Intermittent vibration

Hi all,

I have a 2008 Mazda3 (2.3L automatic, 34K miles), which has recently been annoying me… The problem started about 4 months ago, when I got new tires and a brake job (pads + rotor resurfacing). Ever since, it has been having intermittent vibrations. I feel the vibrations mostly on the floor, but sometimes also on the steering wheel. Here’s what I’ve done so far:

When the vibrations started, i thought it was a problem with the new tires. I had them re-balanced 3 times at two different places, with no improvement. I then took the car to the dealer, who replaced two of the three engine mounts (it appears these tend to break easily on this model). This seemed to improve the situation for about half a day, and then it went back to the same. I took it back to the dealer, who could not find anything wrong. Not being satisfied, I took it to a different dealer, who could also not find anything wrong.

So, I am now stuck with this vibration… It is not always there, and not always of the same magnitude… it seems to be more likely to happen in the morning after a colder night (well, as cold as it gets in Los Angeles). It is most likely to be felt at around 45-50mph, but you can also feel it at higher speed sometimes. A couple of times I could definitely feel it at around 25mph. Also, I’ve noticed that the engine vibrates when the car is stopped, at around 1500-1800rpm (e.g. when I first turn it on). The dealer claims that this is natural for a 4-cyl engine, but I had never felt a vibration before.

My gut feeling is that this is something related to the engine, but two different dealers could not find a problem… since this is intermittent, it is hard to nail down I guess. Any suggestions as to what this may be? Perhaps I could ask the dealer(s) to check specific things…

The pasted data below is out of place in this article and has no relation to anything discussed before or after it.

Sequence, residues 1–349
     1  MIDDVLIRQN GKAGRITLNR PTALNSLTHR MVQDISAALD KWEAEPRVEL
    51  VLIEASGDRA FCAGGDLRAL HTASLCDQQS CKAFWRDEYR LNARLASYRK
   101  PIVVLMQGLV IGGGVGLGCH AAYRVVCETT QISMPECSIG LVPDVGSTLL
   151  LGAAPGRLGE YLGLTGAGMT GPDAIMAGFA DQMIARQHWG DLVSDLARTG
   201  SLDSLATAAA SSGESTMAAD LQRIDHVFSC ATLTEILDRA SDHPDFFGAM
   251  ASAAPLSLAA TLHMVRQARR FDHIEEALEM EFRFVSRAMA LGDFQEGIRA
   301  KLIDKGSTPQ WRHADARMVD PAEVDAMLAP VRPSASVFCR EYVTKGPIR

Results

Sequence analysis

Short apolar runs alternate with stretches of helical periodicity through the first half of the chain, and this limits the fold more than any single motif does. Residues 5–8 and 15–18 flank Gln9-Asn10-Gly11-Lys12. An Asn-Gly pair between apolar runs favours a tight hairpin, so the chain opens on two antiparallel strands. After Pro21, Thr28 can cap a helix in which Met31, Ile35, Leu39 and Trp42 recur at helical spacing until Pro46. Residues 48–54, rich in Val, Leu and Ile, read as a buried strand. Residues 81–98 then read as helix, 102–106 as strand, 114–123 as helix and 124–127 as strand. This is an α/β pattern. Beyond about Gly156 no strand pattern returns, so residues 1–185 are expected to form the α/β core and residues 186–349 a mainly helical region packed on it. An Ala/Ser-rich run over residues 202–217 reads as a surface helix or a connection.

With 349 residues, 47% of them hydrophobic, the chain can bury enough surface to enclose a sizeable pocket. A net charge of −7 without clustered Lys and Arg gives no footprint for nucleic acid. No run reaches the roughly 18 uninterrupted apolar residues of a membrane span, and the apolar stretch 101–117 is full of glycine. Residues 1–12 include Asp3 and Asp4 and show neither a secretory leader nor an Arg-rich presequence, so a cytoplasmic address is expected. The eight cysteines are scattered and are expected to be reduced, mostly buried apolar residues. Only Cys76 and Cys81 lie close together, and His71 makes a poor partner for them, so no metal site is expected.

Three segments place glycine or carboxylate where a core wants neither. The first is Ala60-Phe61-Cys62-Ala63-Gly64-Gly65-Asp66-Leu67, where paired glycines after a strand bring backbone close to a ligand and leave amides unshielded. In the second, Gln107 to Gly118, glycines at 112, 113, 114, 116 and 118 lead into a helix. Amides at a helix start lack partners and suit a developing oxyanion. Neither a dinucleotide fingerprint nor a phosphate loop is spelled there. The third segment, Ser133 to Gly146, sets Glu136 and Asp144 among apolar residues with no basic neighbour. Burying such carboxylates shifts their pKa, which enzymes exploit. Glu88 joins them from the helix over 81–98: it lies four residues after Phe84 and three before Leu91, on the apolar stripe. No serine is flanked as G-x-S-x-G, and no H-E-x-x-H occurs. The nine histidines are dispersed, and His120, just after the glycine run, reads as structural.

I am thinking out load but a good friend of mine has a 09 ford focus which shares a lot of commen parts w/mazda 3 he has a small shutter in his car’s torque conveter. or your mechanic that that the tires and the front brakes over torqued the lug nuts when he put the front tires back on the car. or did he cut the rotors or just clean them up? i would have someone check your front rotores for runout (warped) and retorque your wheels with a torque wrench( if you have alloy wheels)and not an impact gun.

This vibration issue is always a slippery slope. I just spent way too much money and wayyy to many head-aches over leaking parts just to find out my new tires were crap.

Do you have anyone in your family with a similar wheel/tire size? Maybe find out on Tirerack if the wheel pattern is the same and get someone to loan you their wheels and tires for a drive. It is a pain and a lot of work swapping 2 sets of tires back and forth but it will rule out those tires you bought. That is how I found the tires were bad on my car. I didn’t have to look any further than my wife’s Dodge wheels that fit on my Chevy Monte Calro.

Has anyone done a front to back rotation of the tires? You could have a bent rim.

You did two things to car at once. Tires and brakes. It seems you covered off tires mostly.

Maybe have another look at brakes. Our Subaru was exhibiting vibrations intermittently which turned out to be a seizing caliper. If you slam brakes does it go away?

My tires balanced out perfectly on the balance machine… They just weren’t round tires. Mine were Uniroyal, I talked with the original installer and he suggested I contact Uniroyal about my issue. One phone call, two trips to a more local installer (one for inspection of the tires and a second for installing a different set) and i have 4 new Michelins on my car for very little difference in my first purchase price. Mine were about 4 months old and had about 4Kmiles on them because my car had been in and out of other shops trying to chase down the vibrations.

I was concerned I had no recourse to tires I hated. It turns out we do.

The intermittent and variable nature of the vibration tends to point away from tires.

I’m leaning towards an engine issue as the vibration is reported when the vehicle is idling - AND engine lounts improved it.

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You could be correct on that assumption. I was just implying that just because a shop got the tires to balance doesn’t mean they are always smooth riding afterward.